For folks interested in California water issues, the posts I've written this year:

Thursday, June 30, 2016

Holding out for a hero

So often in life, we want to be saved. We want miracles. We want to be rescued by a parent, by a prince, by a god, by technology, by science -- by a hero. And, who can blame us? It's the stuff of myth and legend and the stories we were all raised with.

Wednesday, June 1, 2016

Forging new paths in science engagement

The Pacific Crest Trail over the McCloud River. Photo by me.

I so appreciate this beautiful piece on "climate grief" and what it means for climate scientists. It was written by scientist Sarah Myhre and in a couple of my favorite passages, she says:
"We are hamstrung by our need for job security, funding, advancement, and promotion – because we, too, are juggling the demands of child rearing, aging parents, urban gentrification, and the winnowing of the middle-class.

Regardless, this is the time for a gut-check. Our job is not to objectively document the decline of Earth’s biodiversity and humanity, so what does scientific leadership look like in this hot, dangerous world?"


"I believe most scientists are also, quietly and professionally, mourning the loss of the balance of Earth’s life. The pain doesn’t stop. It’s carried upon every wildfire, coral bleaching, or marine die-off. But, we can use these waves of pain to inform our moral commitment to the present and future. It requires the brave integration of science and self, the acceptance of loss."

Monday, April 4, 2016

Chronic versus acute problems

When the California drought really got going, in the sense of a generalized panic about it, it was late 2013 / early 2014. The drought had actually started at least a couple of years before that. Now, here we are, a couple of years later, and by most accounts it looks like we're entering year five, despite a relatively wet winter in some parts of the state.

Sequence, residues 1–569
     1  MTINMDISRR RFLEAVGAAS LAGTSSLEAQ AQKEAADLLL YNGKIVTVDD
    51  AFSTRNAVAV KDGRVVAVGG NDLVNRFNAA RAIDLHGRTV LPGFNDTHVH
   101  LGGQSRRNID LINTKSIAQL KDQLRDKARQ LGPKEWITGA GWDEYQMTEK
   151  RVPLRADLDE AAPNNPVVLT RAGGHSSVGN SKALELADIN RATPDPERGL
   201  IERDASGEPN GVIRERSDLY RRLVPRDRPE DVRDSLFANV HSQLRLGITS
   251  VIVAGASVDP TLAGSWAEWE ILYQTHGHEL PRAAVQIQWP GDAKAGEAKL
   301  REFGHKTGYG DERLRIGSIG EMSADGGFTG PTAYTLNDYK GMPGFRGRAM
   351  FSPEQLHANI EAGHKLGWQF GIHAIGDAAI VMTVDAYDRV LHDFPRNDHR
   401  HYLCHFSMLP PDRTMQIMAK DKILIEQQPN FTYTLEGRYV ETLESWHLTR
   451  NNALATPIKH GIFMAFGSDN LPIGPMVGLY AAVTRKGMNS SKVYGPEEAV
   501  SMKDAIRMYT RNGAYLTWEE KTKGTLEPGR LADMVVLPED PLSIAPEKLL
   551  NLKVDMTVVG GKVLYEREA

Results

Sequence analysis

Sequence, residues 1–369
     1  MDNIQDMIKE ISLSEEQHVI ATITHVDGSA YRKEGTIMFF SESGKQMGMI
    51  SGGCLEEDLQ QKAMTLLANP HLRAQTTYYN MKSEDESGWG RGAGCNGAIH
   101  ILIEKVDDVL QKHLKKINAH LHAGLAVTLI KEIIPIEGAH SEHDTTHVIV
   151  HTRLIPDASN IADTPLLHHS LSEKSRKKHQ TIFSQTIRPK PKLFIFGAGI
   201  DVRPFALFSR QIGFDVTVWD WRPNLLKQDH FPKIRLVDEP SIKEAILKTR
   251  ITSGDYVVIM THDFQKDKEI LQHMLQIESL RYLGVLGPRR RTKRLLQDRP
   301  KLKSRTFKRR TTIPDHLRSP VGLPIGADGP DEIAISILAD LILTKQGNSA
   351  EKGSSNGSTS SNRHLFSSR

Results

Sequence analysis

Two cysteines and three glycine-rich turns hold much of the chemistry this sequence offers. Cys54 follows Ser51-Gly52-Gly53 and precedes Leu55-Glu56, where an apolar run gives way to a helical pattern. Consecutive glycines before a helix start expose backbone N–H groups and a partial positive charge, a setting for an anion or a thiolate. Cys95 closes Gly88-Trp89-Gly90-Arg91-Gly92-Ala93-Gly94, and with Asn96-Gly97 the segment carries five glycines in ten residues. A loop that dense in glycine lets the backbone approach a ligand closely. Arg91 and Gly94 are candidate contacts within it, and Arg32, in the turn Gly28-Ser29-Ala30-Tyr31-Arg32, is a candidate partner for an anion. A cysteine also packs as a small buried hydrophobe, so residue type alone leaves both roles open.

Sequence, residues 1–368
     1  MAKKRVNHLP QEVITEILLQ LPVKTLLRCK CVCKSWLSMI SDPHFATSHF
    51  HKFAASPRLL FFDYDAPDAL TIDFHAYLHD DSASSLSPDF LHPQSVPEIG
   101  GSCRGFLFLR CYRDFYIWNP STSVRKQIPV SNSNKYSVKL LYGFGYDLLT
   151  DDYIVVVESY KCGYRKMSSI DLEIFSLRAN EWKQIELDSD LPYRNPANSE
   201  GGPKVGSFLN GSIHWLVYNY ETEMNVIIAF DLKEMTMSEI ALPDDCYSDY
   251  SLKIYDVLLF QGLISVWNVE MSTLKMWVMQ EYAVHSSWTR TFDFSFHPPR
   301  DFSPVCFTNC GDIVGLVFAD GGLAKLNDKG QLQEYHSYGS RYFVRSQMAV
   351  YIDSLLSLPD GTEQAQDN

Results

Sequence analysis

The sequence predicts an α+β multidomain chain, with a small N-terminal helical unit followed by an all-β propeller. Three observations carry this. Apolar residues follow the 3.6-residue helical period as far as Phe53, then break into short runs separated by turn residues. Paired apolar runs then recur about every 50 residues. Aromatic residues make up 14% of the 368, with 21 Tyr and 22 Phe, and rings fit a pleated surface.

In those early days, I treated the drought much like I used to treat wildfire events when I worked on fire issues: as an acute problem -- an intense, urgent event that would have at least a somewhat distinct end. This is as opposed to a chronic problem -- one relatively unchanging in condition and with no definite end.

Thursday, March 31, 2016

Data and values

There have been some prominent new calls for more and better data on water during the last couple weeks. Charles Fishman kicked things off with an opinion piece in the New York Times saying that the best and simplest answer to changing how we think about water is to "fix water data." Several days later, the White House held a first-of-its-kind water summit. During the live event, many speakers made references to better data, which were further echoed in the event materials

Tuesday, January 19, 2016

From drought to storms: El Niño in Hollywood

After ending my post on California water issues showing up all over the TV with a note about El Niño being next, Sharon Swart at The Hollywood Reporter put out this pretty great article on that very topic. It is filled with some kind of crazy stories, like this one from actress Dyan Cannon on the 1982-83 El Niño landing in her Malibu yard:
"'I ran downstairs, and the ocean was coming into my living room. Then I saw firemen falling into the pool; they didn't know it was there because it's covered with water.' While her house was drying out in Malibu, Cannon rented a place in Coldwater Canyon, where 'torrential rains came and the roof caved in.' She now lives in an L.A.-area condo, in part due to her El Niño misfortunes."